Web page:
In the mid- to late-1990s, the CTA® embarked on a major renovation and modernization of the Skokie Shops. A new administrative building was constructed, along with new shops for parts overhauling and rebuilding. A new inspection and maintenance building was added with state-of-the-art facilities for painting, rewiring, rebuilding, and most other heavy maintenance work. Unfortunately, as part of this modernization, the original 1926 shop building was demolished to make room for additional parking.

In the Spring of 2000, the oldest of Skokie Shop's buildings, dating to the complex's opening, was razed. The facility had long since ceased to handle cars, having been replaced with a new car maintenance facility. A parking lot has been built on the site. (Photo courtesy of the Chicago Transit Authority)

skokieshops01.jpg (68k)

The new machine shop at Skokie. Repair and fabrication of various electrical and mechanical components is done here. (Photo by Graham Garfield)

skokieshops02.jpg (63k)

The inside of the new car maintenance facility, with cars 3099 and 2947 in for work, in August 1999. (Photo by Graham Garfield)

skokieshops03.jpg (71k)

A mix of cars inside the Skokie Shops car maintenance building - a 2400-series, a rehabbed 2600-series, and an unrehabbed 2600-series - in August 1999. (Photo by Graham Garfield)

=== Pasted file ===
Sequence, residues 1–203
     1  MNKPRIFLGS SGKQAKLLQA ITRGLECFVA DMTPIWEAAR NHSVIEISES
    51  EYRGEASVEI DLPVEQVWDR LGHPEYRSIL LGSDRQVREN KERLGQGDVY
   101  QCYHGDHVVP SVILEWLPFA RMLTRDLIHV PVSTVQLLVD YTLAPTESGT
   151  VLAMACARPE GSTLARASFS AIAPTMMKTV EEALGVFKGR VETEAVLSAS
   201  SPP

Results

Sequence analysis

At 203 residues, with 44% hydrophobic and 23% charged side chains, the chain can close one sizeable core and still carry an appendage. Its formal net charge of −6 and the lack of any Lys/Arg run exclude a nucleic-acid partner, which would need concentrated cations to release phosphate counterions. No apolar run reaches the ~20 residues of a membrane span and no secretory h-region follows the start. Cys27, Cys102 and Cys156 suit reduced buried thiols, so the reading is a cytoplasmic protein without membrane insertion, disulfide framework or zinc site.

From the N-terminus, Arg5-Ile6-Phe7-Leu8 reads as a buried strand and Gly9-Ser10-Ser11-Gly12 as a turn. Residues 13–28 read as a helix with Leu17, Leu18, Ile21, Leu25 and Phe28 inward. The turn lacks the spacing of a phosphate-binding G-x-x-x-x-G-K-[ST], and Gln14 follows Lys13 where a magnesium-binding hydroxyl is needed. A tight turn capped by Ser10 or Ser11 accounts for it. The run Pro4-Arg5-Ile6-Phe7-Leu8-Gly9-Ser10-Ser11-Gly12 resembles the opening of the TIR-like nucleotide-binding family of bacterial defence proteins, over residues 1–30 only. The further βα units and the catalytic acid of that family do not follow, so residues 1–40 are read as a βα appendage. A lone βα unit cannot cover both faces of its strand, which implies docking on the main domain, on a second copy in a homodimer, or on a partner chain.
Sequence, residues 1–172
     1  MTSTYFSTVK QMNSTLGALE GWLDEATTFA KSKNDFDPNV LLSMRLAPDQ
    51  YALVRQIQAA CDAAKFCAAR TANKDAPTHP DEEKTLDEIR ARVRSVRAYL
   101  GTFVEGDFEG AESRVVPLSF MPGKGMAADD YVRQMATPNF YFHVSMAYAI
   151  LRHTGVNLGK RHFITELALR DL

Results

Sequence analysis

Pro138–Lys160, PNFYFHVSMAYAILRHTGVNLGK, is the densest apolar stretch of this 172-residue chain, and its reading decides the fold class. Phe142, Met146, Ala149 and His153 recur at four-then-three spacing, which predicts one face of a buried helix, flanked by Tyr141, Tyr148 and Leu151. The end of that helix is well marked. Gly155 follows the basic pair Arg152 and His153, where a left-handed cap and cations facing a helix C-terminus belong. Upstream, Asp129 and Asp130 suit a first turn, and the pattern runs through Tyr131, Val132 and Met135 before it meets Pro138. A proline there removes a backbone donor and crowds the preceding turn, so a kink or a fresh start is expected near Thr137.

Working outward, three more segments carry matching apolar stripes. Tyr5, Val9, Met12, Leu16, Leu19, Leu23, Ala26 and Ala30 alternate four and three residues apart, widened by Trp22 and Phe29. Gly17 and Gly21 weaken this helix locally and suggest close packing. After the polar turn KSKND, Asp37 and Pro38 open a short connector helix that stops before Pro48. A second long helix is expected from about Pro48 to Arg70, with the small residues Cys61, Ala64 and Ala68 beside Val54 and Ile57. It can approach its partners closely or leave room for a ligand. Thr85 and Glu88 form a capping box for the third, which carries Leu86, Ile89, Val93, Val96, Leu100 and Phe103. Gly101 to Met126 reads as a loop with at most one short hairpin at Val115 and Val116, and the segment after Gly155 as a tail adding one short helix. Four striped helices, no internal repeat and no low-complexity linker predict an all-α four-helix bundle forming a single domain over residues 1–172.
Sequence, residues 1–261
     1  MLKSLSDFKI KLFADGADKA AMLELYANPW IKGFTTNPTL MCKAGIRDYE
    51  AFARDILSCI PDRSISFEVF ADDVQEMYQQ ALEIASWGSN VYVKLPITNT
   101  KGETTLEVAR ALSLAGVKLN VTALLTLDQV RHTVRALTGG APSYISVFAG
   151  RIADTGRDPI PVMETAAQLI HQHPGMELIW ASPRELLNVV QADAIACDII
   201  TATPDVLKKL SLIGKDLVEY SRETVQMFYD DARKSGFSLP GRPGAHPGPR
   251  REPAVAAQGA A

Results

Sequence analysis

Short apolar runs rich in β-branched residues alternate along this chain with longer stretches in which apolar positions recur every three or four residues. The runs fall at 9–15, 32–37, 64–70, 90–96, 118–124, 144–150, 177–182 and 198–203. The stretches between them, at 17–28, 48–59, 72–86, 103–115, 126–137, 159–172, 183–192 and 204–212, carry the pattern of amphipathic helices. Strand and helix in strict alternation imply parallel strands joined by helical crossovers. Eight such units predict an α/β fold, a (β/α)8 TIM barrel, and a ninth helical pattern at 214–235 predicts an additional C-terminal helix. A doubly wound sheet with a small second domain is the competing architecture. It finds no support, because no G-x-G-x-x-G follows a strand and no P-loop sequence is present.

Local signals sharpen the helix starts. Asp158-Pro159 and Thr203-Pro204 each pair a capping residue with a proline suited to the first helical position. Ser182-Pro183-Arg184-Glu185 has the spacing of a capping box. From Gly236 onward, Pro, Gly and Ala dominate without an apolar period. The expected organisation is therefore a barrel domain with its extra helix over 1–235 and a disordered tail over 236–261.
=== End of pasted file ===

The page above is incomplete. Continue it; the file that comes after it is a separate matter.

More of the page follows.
skokieshops04.jpg (53k)

Inside the old car maintenance building, used for various mechanical repairs in its final days. (Photo by Graham Garfield)

skokieshops05.jpg (33k)

Outside the original Skokie Shops maintenance building in August 1999, with less than a year until demolition. (Photo by Graham Garfield)

skokieshops06.jpg (64k)

A 2400-series car inside the modern maintenance facility at Skokie Shops in August 1999. (Photo by Graham Garfield)

skokieshops07.jpg (55k)

Car 2652, back from its rehab, and car 2948 are in for a little maintenance in August 1999. (Photo by Graham Garfield)

skokieshops08.jpg (82k)

The original Skokie Shops meets the wrecking ball in May 2000. (Photo courtesy of the Chicago Transit Authority)

Due to the large number of additional photos of trains at Skokie Shops, a separate rolling stock photo page has been established. To see photos of rolling stock in Skokie Shops and Skokie Yard, click here.